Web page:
On John Slattery’s “God’s Pocket” and Why He Should Stick to Acting
Philip Seymour Hoffman is one of those festival sweethearts that will never be able to do ill in the eyes of the people. His track record speaks for itself. The downside of this is that he probably gets asked to do five different movies every day. Still, when John Slattery aka Roger Sterling approaches you about an inner-city, organized crime movie set in Phiilly during the 70’s with John Turturro, Christina Hendricks and Richard Jenkins, I can understand that it may seem like a safe bet.
Slattery, who has directed five different episodes of “Mad Men,” demonstrates a complete lack of understanding in character development with his first feature film.
At its best, this movie was like “The Town” meets “Before The Devil Knows Your Dead” but with characters that go nowhere. IMDB describes it as “A guy named Mickey gets in over his head when he tries to cover up the accidental death of his stepson,” yet even that sentence gives Mickey (Hoffman) too much credit. He is lazy and sad but never considers the fact that Leon’s death might’ve involved foul play. The truth is Leon was struck by a black man he had been throwing racial slurs at, but no one who witnessed it says a word. We wait for Mickey to stumble across the truth, ever slowly, but it never happens. He is a lazy, sad man in a sad neighborhood where everyone else is sad too. And the worst part? His attitude towards the death and his wife and the lowlifes around him isn’t even funny. His performance feels rushed and without direction from the director. It feels as though he showed up on set, played a mixture of classic Hoffman roles, and moved on to the next film.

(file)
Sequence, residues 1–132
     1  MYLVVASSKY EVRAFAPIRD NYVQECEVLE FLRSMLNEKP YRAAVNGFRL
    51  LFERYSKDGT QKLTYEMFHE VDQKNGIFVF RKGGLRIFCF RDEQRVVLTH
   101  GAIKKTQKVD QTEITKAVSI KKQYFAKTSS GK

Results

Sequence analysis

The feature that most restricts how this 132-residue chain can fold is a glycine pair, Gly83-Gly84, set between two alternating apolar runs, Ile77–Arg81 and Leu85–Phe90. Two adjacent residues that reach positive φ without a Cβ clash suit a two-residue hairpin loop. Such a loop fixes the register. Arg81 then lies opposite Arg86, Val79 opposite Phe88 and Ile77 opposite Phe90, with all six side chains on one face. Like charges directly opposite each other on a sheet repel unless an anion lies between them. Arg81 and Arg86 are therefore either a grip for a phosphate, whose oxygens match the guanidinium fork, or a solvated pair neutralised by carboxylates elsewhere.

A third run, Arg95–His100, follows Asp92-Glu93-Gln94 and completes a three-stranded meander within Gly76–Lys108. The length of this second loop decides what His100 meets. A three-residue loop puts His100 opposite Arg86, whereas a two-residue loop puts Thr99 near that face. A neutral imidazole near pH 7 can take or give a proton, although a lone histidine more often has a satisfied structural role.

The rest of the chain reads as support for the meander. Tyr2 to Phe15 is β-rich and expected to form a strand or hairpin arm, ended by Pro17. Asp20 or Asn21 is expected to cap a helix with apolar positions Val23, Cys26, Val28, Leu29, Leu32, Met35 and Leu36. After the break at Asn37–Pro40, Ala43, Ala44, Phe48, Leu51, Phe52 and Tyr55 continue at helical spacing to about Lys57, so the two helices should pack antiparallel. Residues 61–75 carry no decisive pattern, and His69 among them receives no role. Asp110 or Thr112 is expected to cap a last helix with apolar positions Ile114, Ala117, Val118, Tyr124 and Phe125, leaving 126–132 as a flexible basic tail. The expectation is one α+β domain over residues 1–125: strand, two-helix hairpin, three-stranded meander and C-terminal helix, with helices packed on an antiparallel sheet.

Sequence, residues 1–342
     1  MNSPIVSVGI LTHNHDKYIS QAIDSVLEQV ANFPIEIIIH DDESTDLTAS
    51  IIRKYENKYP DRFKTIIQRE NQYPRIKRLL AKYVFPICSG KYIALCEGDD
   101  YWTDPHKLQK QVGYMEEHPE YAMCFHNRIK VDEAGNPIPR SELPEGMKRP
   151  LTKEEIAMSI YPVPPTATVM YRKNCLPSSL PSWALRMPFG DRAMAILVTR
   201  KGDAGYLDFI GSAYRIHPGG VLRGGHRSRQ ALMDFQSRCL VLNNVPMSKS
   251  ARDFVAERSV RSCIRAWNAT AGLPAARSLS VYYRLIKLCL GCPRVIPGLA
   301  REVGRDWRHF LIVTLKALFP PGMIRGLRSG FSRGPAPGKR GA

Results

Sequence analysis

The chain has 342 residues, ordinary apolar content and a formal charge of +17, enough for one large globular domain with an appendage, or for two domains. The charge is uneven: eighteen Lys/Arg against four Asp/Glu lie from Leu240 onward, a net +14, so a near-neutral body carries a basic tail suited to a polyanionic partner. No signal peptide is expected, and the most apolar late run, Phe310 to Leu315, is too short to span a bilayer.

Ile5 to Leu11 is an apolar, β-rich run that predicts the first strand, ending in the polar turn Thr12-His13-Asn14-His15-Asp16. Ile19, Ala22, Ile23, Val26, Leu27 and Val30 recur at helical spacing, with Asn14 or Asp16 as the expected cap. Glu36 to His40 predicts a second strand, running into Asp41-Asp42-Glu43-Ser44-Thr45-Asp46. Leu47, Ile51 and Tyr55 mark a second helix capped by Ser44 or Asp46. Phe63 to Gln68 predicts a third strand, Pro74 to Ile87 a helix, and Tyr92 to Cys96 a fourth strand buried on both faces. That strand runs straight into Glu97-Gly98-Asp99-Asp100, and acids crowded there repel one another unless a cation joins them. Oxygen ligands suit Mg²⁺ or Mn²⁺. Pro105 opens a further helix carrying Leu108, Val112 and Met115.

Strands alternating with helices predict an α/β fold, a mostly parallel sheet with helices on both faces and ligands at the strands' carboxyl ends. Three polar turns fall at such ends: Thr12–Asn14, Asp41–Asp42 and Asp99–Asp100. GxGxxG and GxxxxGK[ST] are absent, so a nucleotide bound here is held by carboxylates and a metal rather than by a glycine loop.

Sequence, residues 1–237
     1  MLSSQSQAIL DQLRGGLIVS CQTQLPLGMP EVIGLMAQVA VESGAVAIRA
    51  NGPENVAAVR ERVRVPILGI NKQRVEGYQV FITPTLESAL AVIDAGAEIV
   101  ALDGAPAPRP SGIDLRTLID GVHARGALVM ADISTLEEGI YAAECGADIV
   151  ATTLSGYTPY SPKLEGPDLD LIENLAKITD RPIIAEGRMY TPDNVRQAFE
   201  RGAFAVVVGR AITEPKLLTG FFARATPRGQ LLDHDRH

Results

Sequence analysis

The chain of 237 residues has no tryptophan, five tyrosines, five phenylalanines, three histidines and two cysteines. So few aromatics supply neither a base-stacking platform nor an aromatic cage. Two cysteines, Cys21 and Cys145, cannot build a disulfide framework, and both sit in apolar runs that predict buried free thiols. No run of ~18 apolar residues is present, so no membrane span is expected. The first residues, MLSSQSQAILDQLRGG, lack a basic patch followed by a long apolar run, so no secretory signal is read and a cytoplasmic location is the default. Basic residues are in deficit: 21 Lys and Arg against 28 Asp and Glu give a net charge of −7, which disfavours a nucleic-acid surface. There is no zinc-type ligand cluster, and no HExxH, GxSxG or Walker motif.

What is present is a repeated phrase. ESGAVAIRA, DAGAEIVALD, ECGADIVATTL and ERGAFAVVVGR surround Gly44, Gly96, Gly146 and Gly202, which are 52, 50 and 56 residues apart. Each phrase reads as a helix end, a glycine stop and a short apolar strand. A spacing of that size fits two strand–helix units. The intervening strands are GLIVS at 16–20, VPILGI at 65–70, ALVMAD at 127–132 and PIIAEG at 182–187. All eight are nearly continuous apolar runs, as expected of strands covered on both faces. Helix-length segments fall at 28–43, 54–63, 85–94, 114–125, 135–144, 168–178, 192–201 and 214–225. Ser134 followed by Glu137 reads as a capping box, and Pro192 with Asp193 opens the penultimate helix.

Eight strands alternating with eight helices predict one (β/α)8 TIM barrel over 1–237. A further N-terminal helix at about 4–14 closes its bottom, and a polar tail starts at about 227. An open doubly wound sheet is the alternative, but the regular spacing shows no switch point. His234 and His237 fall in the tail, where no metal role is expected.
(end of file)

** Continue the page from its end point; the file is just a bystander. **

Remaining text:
His wife (Hendricks) spends more of the movie crying then speaking or otherwise revealing who she really is. Even her suspicions of foul play go nowhere. We don’t know anything about her by the end of the film that we didn’t suspect at the beginning. Jenkins‘ performance as an equally sad has-been journalist on the case of Leon’s death is the most dynamic and his narration helps to create a gloomy mystique, but it doesn’t fit into what was billed as a “dark comedy.”
“God’s Pocket,” is classic style-over-substance and the strong ensemble cast makes it that much more disappointing. It didn’t help when Producer Sam Bisbee got up on stage for the Q&A and demonstrated little knowledge of the original novel written by Pete Dexter. Nor did he seem to care about much else other than IFC Films’ — which apparently must see cash cow potential in the star-studded feature — acquisition of the picture. Slattery’s incredibly derivative first feature is the brand of disappointment I didn’t expect out of such talented actors or to find at Sundance in the first place. On the bright side, it helped to contrast and highlight the other amazing, expectation-surpassing films here at the festival.